The violator of criminal mischief in the third degree faces a minimum of a year and a day in prison. This covers destruction of property of over $250 and up to $1,500.

Criminal mischief in the second degree is damage to property over $1,500 and is a Class D felony.

The final level of criminal mischief is criminal mischief in the first degree which is a Class B felony. This occurs when property is destroyed by use of an explosive. Hopefully, driveway owners are not so angered that they would resort to this level of a deterrent.

There is one final issue. Depending upon the intention of the deflator, he could very well be violating a Torah prohibition of seeking revenge (see Rambam Hilchos De’ios 7:7). What would be the halachah if he has two intentions—one of revenge and the other of trying to prevent further parking abuse? The Mishnah Berurah 38:24 cites a Magen Avraham about a person’s double intention when performing a mitzvah, and states that it generally follows one’s main intent.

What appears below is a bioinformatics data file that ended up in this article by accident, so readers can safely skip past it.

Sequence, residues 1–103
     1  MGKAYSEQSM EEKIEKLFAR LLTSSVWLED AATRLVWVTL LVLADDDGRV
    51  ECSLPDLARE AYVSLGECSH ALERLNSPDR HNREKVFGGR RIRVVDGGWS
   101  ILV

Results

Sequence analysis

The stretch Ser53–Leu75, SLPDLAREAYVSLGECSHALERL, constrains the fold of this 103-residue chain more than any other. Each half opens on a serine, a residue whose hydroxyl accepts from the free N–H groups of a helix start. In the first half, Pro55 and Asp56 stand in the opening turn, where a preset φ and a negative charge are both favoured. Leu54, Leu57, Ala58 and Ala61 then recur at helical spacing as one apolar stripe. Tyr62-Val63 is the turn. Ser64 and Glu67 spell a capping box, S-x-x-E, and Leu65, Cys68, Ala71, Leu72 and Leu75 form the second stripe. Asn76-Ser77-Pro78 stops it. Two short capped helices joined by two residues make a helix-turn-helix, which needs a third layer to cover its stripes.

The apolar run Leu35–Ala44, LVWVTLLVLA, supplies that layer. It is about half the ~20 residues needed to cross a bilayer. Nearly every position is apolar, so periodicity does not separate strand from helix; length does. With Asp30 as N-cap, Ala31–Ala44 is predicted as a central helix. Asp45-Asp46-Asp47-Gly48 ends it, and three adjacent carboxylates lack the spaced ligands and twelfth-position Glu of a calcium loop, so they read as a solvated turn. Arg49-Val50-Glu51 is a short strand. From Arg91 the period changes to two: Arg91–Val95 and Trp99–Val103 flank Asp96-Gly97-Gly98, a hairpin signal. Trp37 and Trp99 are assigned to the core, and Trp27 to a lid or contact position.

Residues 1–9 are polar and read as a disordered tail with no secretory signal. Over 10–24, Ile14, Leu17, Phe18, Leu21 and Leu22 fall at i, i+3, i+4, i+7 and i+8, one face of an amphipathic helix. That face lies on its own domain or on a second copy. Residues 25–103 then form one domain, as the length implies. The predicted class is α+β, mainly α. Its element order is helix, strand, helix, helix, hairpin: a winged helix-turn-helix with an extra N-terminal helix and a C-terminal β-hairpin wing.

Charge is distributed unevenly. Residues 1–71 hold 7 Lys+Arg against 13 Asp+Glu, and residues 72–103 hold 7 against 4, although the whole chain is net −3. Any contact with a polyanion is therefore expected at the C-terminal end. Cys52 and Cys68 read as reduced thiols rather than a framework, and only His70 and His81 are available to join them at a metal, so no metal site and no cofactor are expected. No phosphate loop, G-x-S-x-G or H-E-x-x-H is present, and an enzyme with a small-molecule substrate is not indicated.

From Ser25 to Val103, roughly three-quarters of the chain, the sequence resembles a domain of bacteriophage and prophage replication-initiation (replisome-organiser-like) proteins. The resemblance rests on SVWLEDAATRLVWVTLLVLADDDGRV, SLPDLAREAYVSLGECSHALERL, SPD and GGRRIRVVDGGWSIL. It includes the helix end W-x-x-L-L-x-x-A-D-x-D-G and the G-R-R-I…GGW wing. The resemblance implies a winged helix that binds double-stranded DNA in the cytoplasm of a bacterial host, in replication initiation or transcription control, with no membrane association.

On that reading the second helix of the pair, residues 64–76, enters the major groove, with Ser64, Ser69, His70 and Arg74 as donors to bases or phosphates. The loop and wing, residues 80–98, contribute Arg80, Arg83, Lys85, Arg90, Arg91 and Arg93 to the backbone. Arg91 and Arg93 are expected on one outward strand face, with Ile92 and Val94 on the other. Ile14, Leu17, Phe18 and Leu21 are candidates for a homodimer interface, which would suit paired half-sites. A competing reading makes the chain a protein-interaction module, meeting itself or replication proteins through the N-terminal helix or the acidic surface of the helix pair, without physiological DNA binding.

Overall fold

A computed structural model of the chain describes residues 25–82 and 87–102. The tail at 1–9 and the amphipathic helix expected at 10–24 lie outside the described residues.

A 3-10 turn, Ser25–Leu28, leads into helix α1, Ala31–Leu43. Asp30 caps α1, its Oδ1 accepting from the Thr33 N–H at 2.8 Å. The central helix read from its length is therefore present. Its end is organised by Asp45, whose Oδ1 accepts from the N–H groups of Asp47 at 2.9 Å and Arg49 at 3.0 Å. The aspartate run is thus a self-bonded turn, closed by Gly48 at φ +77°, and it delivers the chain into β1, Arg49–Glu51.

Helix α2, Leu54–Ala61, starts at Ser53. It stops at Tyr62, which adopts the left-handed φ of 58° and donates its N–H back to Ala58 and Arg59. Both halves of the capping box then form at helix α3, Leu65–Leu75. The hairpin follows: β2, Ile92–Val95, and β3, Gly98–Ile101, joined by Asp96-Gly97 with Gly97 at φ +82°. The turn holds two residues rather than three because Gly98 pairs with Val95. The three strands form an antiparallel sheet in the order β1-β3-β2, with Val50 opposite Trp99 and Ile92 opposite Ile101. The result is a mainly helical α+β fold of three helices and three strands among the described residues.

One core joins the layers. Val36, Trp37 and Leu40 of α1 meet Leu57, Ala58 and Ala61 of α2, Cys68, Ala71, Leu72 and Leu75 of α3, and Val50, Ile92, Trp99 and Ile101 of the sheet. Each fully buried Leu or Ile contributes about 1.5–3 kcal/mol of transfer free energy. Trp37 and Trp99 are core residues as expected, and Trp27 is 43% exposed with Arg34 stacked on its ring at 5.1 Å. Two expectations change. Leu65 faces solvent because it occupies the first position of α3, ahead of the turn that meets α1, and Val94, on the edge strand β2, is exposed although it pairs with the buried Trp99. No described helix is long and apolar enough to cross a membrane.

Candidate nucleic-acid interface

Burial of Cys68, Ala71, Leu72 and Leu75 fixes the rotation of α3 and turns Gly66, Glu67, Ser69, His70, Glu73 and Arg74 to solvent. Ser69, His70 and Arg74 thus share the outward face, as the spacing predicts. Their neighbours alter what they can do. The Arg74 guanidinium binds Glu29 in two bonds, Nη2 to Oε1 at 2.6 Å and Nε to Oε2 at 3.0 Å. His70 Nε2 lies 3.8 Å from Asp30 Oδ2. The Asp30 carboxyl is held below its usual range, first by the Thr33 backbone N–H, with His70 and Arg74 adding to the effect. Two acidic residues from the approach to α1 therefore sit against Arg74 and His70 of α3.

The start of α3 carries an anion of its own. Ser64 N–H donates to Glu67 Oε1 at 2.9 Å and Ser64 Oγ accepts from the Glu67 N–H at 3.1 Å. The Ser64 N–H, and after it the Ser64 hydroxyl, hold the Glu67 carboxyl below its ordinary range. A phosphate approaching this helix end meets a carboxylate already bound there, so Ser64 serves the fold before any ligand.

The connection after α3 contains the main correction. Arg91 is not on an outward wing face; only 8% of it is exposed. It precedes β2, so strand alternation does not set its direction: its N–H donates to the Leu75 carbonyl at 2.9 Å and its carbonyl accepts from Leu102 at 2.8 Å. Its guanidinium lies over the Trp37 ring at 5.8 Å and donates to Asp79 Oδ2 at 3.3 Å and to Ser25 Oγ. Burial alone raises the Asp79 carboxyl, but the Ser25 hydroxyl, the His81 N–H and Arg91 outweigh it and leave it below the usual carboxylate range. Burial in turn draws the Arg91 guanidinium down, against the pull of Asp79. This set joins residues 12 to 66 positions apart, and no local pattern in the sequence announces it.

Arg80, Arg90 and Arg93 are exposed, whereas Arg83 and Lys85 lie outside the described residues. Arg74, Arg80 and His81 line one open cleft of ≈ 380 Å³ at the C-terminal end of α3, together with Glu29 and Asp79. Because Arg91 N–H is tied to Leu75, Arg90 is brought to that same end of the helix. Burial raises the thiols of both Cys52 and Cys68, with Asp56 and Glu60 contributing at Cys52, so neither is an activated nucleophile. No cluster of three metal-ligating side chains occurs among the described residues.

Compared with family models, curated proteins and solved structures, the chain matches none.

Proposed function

The reader should know, however, that there are some rabbis who disagree with the position presented here and have adopted one of the six rationales expressed above. Each person should follow the ruling of his rav in this matter; however, this author consulted with two major poskim who agreed with the positions set forth above. One of them was unsure, however, about the counter to explanation #4 above.

So what can be done? A note should be left on the car explaining that it is wrong to park there and that the license plate was noted, and next time a tow truck may be called. If the car is blocking access, towing would be permitted according to the Shulchan Aruch (C.M. 412:1). According to what was discussed above, however, deflating the tires would not be permitted.

The author can be reached at Read more of Rabbi Hoffman’s articles at